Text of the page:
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by Rebecca Silverman,

Man and His Cat

GN 5

A Man and His Cat GN 5
When Fukumaru sees Moja, the Maine Coon Cat he watched find his happy home in the pet store, alone and beaten up in his yard, he's desperate to find out what went wrong for his friend. He races out the door when Mr. Kanda comes home only to find himself lost and alone on the streets. Can the man and his cat reunite? What happened to Moja? And is this the end of Fukumaru's happy home life?

Reading a volume of A Man and His Cat can be emotionally exhausting. That's not necessarily a bad thing, because creator Umi Sakurai truly captures the ups and downs of having a pet. This volume, however, covers a more difficult topic than most in the series: what happens when an indoor cat gets out and can't find their way back home.

Certainly we could have seen this coming from the end of volume four. Fukumaru, snug in his house, sees a long-haired black cat out in the yard, and realizes with horror that he knew him as the cat in the pet store. He was adopted (well, bought) by a family with a young son, and as far as Fukumaru knew, had been living a wonderful, happy life with them. So how did the cat end up battered on the street? Desperate to find out, Fukumaru takes advantage of an open door when Mr. Kanda comes home, and the next thing he knows, he's out on the street himself, with no idea how to get home. Meanwhile, we see MOJA collapse in the rain behind another house, clearly on the verge of death. If you're a pet lover, this is easily one of the most upsetting volumes of the series thus far.

Before you decide that you're dropping it merely from this description, however, allow me to reassure you that things do work out for everyone – this is no Where the Red Fern Grows or Stone Fox. But that Sakurai can evoke that anxiety in us is a testament to how well the story is told and the truth of the emotions that the characters express. While we can relate to Mr. Kanda's fear and panic, it's also not hard to fully believe the feelings of the cats as well – how many people who had a cat go on a walkabout didn't believe that the cat was scared and sad? And if you've ever worked to slowly coax a stray to trust you, it's easy to see the fear and worry in the animal's body language. What Sakurai is doing is tapping into both of those sets of feelings, human and animal, and combining them to create a volume that is harrowing on several levels, making the moments when things work out even better.

In part this is so effective because of the way that the human characters all react to Fukumaru's escape. Mr. Kanda is fully hysterical and trying very, very hard not to appear that way. From his initial guilt that he let the cat out to his panicked run out the door, he's almost reliving the pain of his wife's loss again, only now with an added dose of grief because it's his fault (in his mind) that Fukumaru ran out the door. When he eventually pulls himself together enough to make a poster and ask the pet store to hang it up it looks very much like he's just putting on a brave face, something that Miss Sato, the woman who sold him Fukumaru, sees through immediately. When she takes over the rescue effort, telling him that he needs more posters and that he should call in his friends, Mr. Kanda's relief is palpable; not only is he not alone in this anymore, but someone is telling him what to do, which is plainly reassuring. That all of his friends actually show up to help is another relief, because a piece of him didn't think that they actually would – because to other people, Fukumaru may be “just” a cat.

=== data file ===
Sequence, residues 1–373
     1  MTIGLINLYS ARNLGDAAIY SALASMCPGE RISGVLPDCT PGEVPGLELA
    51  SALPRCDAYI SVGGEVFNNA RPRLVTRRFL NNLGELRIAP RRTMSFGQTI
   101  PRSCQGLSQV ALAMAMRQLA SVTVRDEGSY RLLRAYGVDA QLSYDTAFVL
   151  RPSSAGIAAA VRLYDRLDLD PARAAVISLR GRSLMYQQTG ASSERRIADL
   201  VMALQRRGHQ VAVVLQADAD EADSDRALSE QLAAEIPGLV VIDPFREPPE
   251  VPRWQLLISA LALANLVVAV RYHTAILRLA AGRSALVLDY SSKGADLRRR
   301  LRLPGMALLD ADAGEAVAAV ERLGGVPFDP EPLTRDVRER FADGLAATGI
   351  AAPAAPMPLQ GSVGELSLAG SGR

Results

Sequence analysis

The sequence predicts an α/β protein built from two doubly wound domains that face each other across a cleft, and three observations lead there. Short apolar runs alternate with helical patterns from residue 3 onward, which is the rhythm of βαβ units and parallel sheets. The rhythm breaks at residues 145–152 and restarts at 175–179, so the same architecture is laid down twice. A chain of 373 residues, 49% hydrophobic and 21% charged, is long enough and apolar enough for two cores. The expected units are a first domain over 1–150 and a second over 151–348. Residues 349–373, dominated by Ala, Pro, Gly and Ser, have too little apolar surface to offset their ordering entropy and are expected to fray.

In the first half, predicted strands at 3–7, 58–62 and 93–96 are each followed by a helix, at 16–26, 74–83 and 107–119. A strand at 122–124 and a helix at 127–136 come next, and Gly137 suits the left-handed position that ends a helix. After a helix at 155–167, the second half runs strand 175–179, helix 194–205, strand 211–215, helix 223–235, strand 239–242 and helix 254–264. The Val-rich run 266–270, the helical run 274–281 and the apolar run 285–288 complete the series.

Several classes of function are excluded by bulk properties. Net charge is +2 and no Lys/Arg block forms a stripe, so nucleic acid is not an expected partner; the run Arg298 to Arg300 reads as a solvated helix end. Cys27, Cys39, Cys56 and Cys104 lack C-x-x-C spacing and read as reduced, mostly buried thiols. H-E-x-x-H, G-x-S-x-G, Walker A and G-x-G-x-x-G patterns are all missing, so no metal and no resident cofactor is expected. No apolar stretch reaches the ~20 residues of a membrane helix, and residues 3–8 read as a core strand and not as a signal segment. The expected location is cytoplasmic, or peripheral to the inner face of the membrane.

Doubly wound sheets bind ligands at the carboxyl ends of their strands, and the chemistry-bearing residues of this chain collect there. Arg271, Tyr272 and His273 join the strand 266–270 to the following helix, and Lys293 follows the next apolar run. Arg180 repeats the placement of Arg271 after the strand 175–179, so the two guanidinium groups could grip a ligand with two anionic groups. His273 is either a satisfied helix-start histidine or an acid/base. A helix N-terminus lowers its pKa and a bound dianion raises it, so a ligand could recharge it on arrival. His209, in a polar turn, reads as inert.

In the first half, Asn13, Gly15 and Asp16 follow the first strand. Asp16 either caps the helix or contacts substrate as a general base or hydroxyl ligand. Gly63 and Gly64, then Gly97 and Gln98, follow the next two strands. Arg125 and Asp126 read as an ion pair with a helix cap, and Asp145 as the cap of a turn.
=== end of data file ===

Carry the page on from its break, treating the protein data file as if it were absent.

The art does a particularly good job of helping to show the toll the plot of this volume takes on Kanda and Fukumaru both. As Fukumaru gets skinnier and scruffier the longer he's out, Mr. Kanda's face grows increasingly haggard, the bags under his eyes increasing in depth and darkness as he wears himself to a frazzle. When he finds MOJA while looking for Fukumaru and has to make a difficult decision, we can read his despair in his body language. No longer the perfectly groomed elderly gentleman, Mr. Kanda becomes something more human as he grows disheveled, reminding us that he really is just as human as anyone else, something that those around him don't always see or remember.

Fortunately there are some lighter moments to balance out the emotionally heavy content of most of the book. Once the main storyline is resolved, we get one of the most perfect depictions of cat barfing I've ever seen, which is not nearly as gross as it sounds; it's more about Mr. Kanda trying to delicately get the cat to throw up on something easier to clean than the floor/rug and utterly failing, because cats are going to be cats. There's also a light treatment of the way owners tend to think that overfeeding a pet equals love; it doesn't go into health issues or anything like that, simply acknowledging that it's a thing that happens and that we maybe shouldn't do it.

A Man and His Cat, though a bit heavier this time around, is still a remarkably consistent and heartwarming series. It may make me tear up at least once a volume, but it captures the way that a pet can enrich our lives beautifully, and to do that it does need to cover the darker moments as well as the fluffy ones. But it never loses its sweet and hopeful touch, and that combination of emotions is what makes it such a successful series about the ups and downs of sharing your life with a cat. There's a reason why the French title of the series is “The Cat Who Makes the Man Happy.”

Overall : A-
Story : A
Art : A-

+ Never loses hope despite some bleak content, art enhances the emotions well.
Cartoonier images don't work as well this time, very heavy storyline.

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Production Info:
Story & Art: Umi Sakurai
Licensed by: Square Enix Manga & Books

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